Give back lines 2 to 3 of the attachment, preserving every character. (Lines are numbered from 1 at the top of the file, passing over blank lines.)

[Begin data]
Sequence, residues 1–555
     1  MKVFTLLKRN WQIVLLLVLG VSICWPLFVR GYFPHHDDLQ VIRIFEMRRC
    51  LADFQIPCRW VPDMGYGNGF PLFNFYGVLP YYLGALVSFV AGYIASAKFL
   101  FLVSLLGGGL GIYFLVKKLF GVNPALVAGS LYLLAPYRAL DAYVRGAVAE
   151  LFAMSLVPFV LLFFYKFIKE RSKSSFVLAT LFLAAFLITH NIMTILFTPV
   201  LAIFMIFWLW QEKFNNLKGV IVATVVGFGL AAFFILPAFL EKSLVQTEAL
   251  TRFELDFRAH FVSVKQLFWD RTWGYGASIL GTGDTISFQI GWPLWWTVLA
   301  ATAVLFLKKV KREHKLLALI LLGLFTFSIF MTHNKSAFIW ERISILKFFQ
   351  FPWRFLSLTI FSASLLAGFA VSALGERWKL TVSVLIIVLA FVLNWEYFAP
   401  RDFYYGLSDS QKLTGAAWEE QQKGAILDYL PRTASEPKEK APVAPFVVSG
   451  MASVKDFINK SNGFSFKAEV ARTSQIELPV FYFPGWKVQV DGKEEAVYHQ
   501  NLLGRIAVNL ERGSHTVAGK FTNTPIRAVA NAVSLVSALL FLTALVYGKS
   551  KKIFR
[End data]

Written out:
     1  MKVFTLLKRN WQIVLLLVLG VSICWPLFVR GYFPHHDDLQ VIRIFEMRRC
    51  LADFQIPCRW VPDMGYGNGF PLFNFYGVLP YYLGALVSFV AGYIASAKFL